Prime Minister Justin Trudeau is indicating the federal government is looking at additional COVID-19 measures to protect international borders but won’t stop flights into Canada from India.
In an interview with Global News Wednesday, Trudeau said community spread continues to be the main concern and not international travel.
“We are looking at a range of potential measures either targeting certain areas of types of travellers. We are going to be working with experts and authorities across the country to ensure what we are doing is grounded in science and will keep people safe,” Trudeau said.
“There is no question, continuing our measures at the border and perhaps enhancing them will be important.”
British Columbia has now reported 39 cases of the B 1.617 COVID-19 variant, known as a double mutation, originating from India.
The cases were identified on April 4, and B.C. was able to identify this lineage through whole genome sequencing.
B 1.617 is now recognized as a variant of interest and not yet a variant of concern.
India continues to be a COVID-19 crisis point with the world’s second most populous nation reporting 295,041 new infections on Wednesday. It was the world’s highest daily rise and is stretching that country’s hospitals to breaking point.
“We have some of the strongest measures in the world in terms of borders. We have seen there are direct flights from many countries of concern but there are also indirect flights as well and making sure we have a system to address all flights is something we did months ago,” Trudeau said.
In a wide ranging interview with Global News focusing on child care and the pandemic, Trudeau would not acknowledge it was a weak quarantine system that allowed the P.1 variant to get into Canada. The variant of concern originating in Brazil has accounted for 2,062 cases in British Columbia.
Provincial health officer Dr. Bonnie Henry has previously expressed concern the federal government is not providing enough resources to ensure international travellers remain in isolation for the required 14 days.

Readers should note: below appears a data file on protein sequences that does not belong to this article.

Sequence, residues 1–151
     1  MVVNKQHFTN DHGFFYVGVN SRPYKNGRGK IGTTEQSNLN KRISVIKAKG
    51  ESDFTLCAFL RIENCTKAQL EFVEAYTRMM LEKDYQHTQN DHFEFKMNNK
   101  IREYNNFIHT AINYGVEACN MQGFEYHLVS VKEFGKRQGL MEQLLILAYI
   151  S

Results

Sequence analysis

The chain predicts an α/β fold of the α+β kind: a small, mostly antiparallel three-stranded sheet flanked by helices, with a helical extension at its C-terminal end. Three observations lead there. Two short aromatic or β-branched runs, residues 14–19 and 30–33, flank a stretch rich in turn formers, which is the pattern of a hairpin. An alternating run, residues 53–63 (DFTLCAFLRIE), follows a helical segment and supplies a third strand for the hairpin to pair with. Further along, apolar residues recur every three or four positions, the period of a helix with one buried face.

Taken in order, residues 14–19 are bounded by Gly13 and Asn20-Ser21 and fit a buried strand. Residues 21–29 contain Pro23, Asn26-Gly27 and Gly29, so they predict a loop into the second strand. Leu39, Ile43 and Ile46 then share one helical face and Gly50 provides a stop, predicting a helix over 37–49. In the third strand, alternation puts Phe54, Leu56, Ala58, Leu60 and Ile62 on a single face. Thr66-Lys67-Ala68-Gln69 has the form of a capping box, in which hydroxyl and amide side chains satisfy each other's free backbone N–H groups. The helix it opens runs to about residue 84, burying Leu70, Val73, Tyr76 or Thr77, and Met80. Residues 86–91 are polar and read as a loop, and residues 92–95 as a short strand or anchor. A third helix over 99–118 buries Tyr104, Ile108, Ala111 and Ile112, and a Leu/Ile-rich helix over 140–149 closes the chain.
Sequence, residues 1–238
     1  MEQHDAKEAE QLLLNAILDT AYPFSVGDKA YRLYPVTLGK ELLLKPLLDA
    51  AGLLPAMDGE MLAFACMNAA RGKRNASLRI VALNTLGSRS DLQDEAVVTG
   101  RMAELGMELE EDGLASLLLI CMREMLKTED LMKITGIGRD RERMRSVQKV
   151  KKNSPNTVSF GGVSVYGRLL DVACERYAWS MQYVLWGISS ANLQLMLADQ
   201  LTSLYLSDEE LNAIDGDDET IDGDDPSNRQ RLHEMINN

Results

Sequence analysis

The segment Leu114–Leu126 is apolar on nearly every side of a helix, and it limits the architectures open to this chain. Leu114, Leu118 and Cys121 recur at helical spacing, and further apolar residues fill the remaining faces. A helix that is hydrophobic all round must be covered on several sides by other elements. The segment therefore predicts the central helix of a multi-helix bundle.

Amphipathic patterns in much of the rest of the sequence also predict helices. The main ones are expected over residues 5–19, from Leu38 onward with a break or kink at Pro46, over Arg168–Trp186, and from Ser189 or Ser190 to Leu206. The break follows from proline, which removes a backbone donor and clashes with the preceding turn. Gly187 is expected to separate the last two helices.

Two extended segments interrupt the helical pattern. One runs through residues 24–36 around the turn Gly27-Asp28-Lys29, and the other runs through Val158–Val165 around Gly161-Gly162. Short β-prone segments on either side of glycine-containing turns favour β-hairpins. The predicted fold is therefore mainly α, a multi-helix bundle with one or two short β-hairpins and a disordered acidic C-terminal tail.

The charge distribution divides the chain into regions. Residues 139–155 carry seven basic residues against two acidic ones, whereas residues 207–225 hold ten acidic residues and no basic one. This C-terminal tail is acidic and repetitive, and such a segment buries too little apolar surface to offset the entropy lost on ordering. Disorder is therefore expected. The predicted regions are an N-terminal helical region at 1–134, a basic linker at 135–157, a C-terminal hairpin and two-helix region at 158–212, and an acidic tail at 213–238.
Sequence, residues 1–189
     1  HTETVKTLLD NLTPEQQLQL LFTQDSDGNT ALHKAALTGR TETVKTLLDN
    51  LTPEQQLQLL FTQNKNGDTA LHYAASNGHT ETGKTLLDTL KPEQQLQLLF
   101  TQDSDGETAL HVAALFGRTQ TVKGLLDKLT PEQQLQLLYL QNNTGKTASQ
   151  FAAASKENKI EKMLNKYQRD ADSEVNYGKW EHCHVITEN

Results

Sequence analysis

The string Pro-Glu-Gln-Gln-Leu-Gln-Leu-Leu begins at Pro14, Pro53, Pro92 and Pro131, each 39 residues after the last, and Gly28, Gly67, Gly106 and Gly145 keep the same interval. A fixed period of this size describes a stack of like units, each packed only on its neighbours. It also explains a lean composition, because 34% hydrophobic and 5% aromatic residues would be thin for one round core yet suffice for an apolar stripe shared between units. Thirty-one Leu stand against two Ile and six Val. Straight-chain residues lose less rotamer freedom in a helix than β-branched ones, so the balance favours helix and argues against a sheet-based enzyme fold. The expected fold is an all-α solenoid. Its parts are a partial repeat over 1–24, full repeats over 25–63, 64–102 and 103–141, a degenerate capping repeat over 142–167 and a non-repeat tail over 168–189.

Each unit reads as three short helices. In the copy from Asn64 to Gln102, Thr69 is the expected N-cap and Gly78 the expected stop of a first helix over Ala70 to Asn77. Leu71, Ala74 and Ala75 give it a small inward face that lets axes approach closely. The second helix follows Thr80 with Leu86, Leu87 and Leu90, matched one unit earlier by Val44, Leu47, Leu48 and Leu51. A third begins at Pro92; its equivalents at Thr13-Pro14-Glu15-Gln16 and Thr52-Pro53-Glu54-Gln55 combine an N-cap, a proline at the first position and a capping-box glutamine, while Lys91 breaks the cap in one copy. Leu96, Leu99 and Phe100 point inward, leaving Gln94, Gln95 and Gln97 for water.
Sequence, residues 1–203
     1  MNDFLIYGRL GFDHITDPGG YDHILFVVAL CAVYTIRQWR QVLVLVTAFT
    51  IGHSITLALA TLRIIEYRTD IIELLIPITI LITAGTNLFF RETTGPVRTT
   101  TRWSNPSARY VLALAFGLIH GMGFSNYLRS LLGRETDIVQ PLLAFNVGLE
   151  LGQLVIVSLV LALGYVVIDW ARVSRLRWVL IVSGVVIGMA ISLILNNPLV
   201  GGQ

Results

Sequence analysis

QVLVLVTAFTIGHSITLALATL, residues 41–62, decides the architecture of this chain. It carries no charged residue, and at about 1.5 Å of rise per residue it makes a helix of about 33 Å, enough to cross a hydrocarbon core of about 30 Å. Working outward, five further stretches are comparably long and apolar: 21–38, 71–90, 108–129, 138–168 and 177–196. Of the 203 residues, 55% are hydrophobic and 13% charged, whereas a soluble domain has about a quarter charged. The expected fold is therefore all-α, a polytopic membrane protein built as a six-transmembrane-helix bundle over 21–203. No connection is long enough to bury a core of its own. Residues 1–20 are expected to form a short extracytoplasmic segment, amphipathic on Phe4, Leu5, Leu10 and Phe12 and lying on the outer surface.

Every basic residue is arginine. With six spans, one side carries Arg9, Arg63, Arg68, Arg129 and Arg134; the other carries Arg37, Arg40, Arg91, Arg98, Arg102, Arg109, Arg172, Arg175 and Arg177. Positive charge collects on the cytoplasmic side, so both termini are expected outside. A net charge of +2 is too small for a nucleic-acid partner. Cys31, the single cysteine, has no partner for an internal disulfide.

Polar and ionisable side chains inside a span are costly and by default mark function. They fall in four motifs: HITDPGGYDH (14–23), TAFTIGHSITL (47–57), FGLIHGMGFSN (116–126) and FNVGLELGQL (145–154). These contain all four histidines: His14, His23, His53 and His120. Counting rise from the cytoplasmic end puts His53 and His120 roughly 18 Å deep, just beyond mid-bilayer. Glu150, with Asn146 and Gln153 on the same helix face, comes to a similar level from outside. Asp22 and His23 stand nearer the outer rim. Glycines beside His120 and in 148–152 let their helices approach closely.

“Over the last number of months we have been increasing our resources to increase spot checks and even visits as people are quarantining,” Trudeau said.
Canada is expected to receive 50 million doses of vaccine by the end of June. But Trudeau would not say how many doses the United States would be providing to Canada in an expected delivery.
U.S. President Joe Biden said on Wednesday he’s planning to give surplus COVID-19 vaccines to other countries, including Canada.
Biden said he spoke to Trudeau Wednesday about providing additional vaccine assistance to Canada, but also suggested some of the extra vaccines could go to Central America.
But when asked directly multiple times about the conversation, Trudeau would not say when the vaccine could arrive, how much should be expected or what type of vaccine it would be.
“We are going to continue to work very closely with the U.S. to get more vaccine. We understand how important that is for Canadians,” Trudeau said.
“Every country is facing its own challenges. One of things we did from the very beginning was a diversified supply chain. You will remember from the previous administration we did most of our outsourcing from outside the United States. Obviously with the Biden administration we are looking to shift that around.”